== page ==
Pittsburgh politicians and constituents call on Sen. Pat Toomey to reopen federal government | News | Pittsburgh | Pittsburgh City Paper

Pittsburgh politicians and constituents call on Sen. Pat Toomey to reopen federal government

In December, Toomey voted to fund the federal government without funds for a border wall, but is now asking Democrats to negotiate further with President Trump.

click to enlarge State Sen. Jay Costa speaking at a rally in front of Sen. Pat Toomey's office Downtown - CP PHOTO: RYAN DETO
CP photo: Ryan Deto
State Sen. Jay Costa speaking at a rally in front of Sen. Pat Toomey's office Downtown
Today, a crowd of more than 30 gathered in front of the Pittsburgh offices of U.S. Sen. Pat Toomey (R-Lehigh), calling on him to support a vote to reopen the federal government.

On Dec. 22, the government shut down after U.S. Congress failed to pass a bill to fund many of its operations. A week before the shutdown, President Donald Trump said in a meeting with Democratic leaders, “I am proud to shut down the government for border security … I will take the mantle. I will be the one to shut it down.”

Now the shutdown has become the longest in U.S. history, and a group of Pennsylvania state Democratic politicians and Pittsburgh residents are putting pressure on Toomey to end it.


“Toomey needs to advance clean bills,” said state Sen. Jay Costa (D-Forest Hills) to the crowd. "Trump is holding us hostage over his wall.”

Toomey, like every U.S. senator, voted on Dec. 19 to fund the federal government without any money for a border wall, but that bill was stalled in the then Republican-controlled U.S. House when Trump signaled his disapproval.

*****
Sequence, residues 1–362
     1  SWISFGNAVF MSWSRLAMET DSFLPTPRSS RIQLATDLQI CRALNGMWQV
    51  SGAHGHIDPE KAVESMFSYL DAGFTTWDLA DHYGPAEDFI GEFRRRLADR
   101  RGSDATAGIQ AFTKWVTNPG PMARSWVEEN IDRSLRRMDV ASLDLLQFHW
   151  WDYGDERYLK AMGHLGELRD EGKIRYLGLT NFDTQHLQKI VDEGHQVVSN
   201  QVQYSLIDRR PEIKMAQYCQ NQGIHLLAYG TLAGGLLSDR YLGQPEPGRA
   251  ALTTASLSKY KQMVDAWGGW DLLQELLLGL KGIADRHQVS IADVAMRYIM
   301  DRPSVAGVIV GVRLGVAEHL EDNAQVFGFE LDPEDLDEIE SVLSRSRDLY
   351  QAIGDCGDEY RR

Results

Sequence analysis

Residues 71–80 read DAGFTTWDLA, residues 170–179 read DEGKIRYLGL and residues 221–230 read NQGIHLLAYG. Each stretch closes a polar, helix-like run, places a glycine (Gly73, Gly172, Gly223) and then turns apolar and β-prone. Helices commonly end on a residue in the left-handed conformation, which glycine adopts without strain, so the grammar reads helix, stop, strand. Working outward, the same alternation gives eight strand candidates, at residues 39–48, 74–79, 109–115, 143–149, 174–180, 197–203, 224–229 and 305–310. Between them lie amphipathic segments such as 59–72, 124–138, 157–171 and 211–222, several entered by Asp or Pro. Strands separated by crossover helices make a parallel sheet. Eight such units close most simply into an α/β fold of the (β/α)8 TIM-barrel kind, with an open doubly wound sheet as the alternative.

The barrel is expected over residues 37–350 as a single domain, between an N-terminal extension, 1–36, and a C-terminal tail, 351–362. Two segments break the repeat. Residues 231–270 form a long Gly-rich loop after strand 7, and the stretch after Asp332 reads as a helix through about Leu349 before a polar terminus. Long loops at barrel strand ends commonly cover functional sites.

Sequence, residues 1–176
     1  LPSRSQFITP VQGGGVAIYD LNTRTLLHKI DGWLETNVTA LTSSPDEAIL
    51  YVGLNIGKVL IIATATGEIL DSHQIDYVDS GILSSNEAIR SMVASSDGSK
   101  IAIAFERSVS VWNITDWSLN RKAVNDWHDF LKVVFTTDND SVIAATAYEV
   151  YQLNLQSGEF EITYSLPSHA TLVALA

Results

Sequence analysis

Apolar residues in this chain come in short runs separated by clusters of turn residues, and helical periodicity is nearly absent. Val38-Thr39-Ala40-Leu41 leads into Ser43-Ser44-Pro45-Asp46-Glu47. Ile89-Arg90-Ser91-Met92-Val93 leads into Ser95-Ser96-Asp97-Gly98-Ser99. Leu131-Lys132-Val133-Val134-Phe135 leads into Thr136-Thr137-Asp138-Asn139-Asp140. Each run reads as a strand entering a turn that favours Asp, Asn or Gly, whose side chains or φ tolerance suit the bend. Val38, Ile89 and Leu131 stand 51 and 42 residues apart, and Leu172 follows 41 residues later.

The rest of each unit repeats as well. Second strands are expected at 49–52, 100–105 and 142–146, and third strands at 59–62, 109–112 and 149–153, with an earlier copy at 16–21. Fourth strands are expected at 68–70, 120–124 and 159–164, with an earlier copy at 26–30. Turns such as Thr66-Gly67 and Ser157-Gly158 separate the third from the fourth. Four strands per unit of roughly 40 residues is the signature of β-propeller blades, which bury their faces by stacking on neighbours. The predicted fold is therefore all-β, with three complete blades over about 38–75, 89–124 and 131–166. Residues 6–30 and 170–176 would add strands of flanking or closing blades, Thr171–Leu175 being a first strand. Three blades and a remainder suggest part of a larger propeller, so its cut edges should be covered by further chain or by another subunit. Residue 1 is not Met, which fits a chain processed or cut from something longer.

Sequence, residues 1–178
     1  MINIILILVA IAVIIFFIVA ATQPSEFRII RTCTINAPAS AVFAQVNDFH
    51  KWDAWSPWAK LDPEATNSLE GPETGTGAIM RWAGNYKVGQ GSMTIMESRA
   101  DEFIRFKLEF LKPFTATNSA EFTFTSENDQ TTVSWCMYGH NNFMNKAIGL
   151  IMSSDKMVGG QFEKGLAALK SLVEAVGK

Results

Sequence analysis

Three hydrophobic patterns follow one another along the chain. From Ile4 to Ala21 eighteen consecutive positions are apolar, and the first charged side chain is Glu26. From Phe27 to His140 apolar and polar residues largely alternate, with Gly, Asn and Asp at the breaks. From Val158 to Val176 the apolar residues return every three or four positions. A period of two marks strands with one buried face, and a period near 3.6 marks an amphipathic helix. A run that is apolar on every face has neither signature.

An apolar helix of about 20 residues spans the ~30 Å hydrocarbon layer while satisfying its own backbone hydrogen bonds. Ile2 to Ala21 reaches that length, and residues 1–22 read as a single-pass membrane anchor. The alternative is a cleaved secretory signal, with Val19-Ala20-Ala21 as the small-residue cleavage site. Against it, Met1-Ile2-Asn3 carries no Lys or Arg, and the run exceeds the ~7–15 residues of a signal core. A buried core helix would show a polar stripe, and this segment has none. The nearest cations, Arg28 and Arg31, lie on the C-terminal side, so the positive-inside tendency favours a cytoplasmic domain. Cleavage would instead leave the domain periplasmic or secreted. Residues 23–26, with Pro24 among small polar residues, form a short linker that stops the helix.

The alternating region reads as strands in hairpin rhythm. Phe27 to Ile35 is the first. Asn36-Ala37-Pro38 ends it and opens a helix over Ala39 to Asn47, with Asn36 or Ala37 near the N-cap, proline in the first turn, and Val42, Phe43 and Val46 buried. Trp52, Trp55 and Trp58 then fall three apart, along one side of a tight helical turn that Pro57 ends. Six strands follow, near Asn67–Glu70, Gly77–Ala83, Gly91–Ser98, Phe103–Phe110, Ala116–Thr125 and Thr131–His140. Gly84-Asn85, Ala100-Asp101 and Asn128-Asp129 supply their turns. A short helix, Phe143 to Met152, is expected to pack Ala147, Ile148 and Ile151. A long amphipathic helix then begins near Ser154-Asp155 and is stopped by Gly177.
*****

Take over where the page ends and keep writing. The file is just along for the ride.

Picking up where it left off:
At the rally, Costa urged Toomey to support bringing that bill up again in the Senate. If that bill passed with 67 votes (it received 100 votes last time) it would clear a veto-proof majority. Then if that bill cleared two-thirds majority in the House, the government would reopen since it would bypass Trump's potential veto. Trump is requesting $5.7 billion in initial funding for a border wall to be part of spending bill to reopen the government.

Toomey tweeted yesterday that Trump’s request is “reasonable” and “deserved a counter proposal.” Toomey supports Trump’s offer to the Democrats, who now control the U.S. House, to extend protections to undocumented immigrants who were brought into the U.S. as young children, aka Dreamers. But that extension only provides protections for three years. Democrats have rejected that offer.



Toomey also supports a bill to fund roughly 420,000 federal employees who have been deemed “essential across nine departments” of the federal government during this shutdown, and another bill that would fund federal agencies, should Congress not pass an appropriations bill on time.

Stephanie Fellow, a worker at Giant Eagle who receives subsidies to help her pay for food for her toddler, said she is struggling without that funding. She says other Giant Eagle workers and customers tell her they are struggling too.

“I am speaking out for them, for my coworkers and for my baby,” said Fellow.

State Rep. Ed Gainey (D-East Liberty) also emphasized urgency because funds for SNAP benefits, aka food stamps, could run out by March and leave low-income Americans without the money they need for groceries.


Alandia Heard is a home-care worker who takes care of seniors. She says her job depends on money from the federal government. “Senator Toomey, do your job,” said Heard. “Not everyone is behind you. My patients depend on me.”


State Rep. Summer Lee (D-Swissvale) also spoke to the crowd and said a pattern has been emerging from Trump’s administration and the Republican politicians that support him. Lee said the shutdown has hurt federal workers and those who receive federal benefits the most, typically low-income individuals.

“We have a war on poor people,” said Lee. “We need to stop expecting people who hate us to put us first.”

She said that if Toomey doesn’t change his tune and push to vote to reopen the government without border wall funding, that voters should send him a message when his term is up in 2022.

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